How much do you tip? Why most Canadians feel pressured to give extra

Click to play video: 'New study shows Canadians are fed up with tipping, expert weighs in'
New study shows Canadians are fed up with tipping, expert weighs in
RELATED: New study shows Canadians are fed up with tipping, expert weighs in – Jun 29, 2024

Whether dining at a restaurant or getting your nails done, most Canadians likely expect at the end of the service you may have to tip — but with the high cost of living, a majority of people are now giving a thumbs-down to the idea of tipping.

“They’re already charging me $7 for a latte that I can drink, it’s repulsive to ask for tips for making a drink or pouring coffee,” Toronto customer Edwin Ng, 46, said in an interview with Global News.

Ng isn’t the only Canadian who may feel this way about tipping, with a recent survey of 1,500 Canadians by Lightspeed Commerce Inc. finding 67 per cent felt pressure to tip, with 54 per cent saying inflation impacted their ability to do so.

Since the COVID-19 pandemic, tipping appears to have moved beyond the usual places for tips like a restaurant or hair salon, with Bruce McAdams saying more “nontraditional” businesses like dry cleaners or oil change shops are bringing in tipping. He calls this phenomenon “tip creeps.

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“Tipping as a practice has evolved, particularly since the (COVID-19) pandemic,” McAdams, associate professor at the University of Guelph’s school of hospitality, food and tourism management, said in an interview.

“I would really say that we are potentially at a crossroads right now as far as the practice who will participate in it, how they will participate in it (and) the history of it being a social norm.

“We’re at a tipping point.”

Depending where you go, the option to tip has some feeling pressured through tip prompts — the amount of pre-set values for tipping programmed into payment machines.

Need to tip 'very common feeling'

The need to tip is a “very common feeling,” Jaime Peters, the dean of finance and economics at Maryville University, told Global News.

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“As we have moved from a more cash-based society to a card-based society during COVID-19, we’re seeing those tips come much more in our face and the result is people are having much more mixed emotions about tipping than before the pandemic,” Peters said.

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Not everyone is opposed to tipping, however: 42-year-old consumer Ken Zulian of Windsor, Ont., says he tips every time because he wants to help servers get a decent amount of money.

“You have to think about… sometimes you’re probably making more than that server is making per hour,” he said. “Sometimes they actually count on that extra tip to make a decent living.”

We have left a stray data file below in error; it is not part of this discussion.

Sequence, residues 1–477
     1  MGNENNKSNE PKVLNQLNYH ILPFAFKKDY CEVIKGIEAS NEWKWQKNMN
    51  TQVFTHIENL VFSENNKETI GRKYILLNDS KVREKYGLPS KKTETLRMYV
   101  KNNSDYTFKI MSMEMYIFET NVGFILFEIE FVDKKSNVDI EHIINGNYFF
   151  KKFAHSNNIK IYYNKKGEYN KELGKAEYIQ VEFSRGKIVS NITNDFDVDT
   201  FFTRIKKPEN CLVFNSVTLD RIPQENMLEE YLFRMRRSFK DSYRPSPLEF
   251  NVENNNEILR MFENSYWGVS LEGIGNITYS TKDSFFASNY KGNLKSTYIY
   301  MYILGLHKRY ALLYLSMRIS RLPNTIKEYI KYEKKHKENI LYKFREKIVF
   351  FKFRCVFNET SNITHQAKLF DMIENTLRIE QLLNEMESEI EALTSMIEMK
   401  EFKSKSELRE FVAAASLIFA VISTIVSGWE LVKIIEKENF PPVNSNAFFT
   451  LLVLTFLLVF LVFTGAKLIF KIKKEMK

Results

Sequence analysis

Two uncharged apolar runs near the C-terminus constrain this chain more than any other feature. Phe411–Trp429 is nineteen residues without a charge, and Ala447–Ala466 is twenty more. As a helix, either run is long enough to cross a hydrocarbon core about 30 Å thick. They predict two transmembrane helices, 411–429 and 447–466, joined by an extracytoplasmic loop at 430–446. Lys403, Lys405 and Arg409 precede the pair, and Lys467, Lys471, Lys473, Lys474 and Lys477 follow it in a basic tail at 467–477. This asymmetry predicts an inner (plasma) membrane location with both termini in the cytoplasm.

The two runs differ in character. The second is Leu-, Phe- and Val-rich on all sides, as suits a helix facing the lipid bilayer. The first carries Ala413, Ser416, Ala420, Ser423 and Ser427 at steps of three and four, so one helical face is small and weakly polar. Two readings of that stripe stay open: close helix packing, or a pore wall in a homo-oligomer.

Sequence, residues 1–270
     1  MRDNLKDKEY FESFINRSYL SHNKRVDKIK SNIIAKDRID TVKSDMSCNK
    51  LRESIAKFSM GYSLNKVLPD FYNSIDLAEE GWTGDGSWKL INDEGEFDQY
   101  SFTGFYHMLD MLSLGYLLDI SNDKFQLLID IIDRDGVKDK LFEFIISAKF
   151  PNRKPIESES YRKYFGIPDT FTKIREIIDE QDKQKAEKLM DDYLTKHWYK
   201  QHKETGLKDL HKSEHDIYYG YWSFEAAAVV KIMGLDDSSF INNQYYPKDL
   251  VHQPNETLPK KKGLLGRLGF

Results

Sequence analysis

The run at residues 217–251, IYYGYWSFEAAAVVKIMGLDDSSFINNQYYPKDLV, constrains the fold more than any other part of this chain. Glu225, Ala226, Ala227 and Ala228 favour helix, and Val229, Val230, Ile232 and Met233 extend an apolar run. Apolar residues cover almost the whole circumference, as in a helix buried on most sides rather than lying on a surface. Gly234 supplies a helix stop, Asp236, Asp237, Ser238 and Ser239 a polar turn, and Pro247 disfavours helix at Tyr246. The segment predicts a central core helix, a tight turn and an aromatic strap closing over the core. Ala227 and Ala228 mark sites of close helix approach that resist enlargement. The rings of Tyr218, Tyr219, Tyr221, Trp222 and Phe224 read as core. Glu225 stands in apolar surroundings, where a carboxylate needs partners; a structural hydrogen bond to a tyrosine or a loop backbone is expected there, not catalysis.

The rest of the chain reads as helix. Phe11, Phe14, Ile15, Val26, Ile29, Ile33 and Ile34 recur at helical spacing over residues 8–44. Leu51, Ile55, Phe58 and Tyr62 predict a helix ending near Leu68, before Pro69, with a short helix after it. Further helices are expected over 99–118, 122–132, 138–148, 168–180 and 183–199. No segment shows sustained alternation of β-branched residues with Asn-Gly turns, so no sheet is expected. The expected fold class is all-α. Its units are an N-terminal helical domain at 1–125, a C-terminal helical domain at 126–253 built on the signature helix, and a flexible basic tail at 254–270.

Click to play video: 'Tipping minimums increase through “tipflation”'
Tipping minimums increase through “tipflation”

Christopher MacPherson, a 32-year-old consumer from Windsor, Ont., said he feels the same way, noting if servers aren’t being paid a full wage and tipping may be supplementing the funds, people should tip.

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But he adds because people may not understand how much certain employees are being paid, it leads to misconceptions.

In Canada, the minimum wage servers make can vary depending on province. For example, those earning wages and tips in Quebec are making just $12.20 hourly, compared to the $15.25 minimum wage in the province. As of 2024, most provinces have made servers’ wages equal to minimum wage for other jobs.

“They see a tip as something ‘extra’ that can be withheld arbitrarily if a customer feels some level of their expectation wasn’t met,” MacPherson said. “Then servers are referred to as ‘entitled’ for relying on tips when it’s baked into the system that they are supposed to receive those as part of their wages.”

So, when should you tip?

With so many businesses utilizing tipping now, McAdams says people should consider asking the employee where the tip is going so you can decide if you want to pay it — but then, even he asks, should we have to?

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“As a consumer I would ask, but this also leads to fatigue,” he said. “If I go into a blue jeans store and buy a pair of blue jeans, I can take it to the counter, pay and leave, and I don’t have to ask the question, where is this tip going? And I don’t have to use the energy, and I don’t have to hear an answer that I don’t want to get.”

But there can be some simple suggestions, Peters said, including tipping if you’ve had a nice dinner or a nice job was done on your hair.

“Where you can start thinking about where to save money is going to be in those situations where it has not been traditional to tip, where you’ve had a barista or you have not actually received the service and they’re asking you to do it up front,” Peters said.

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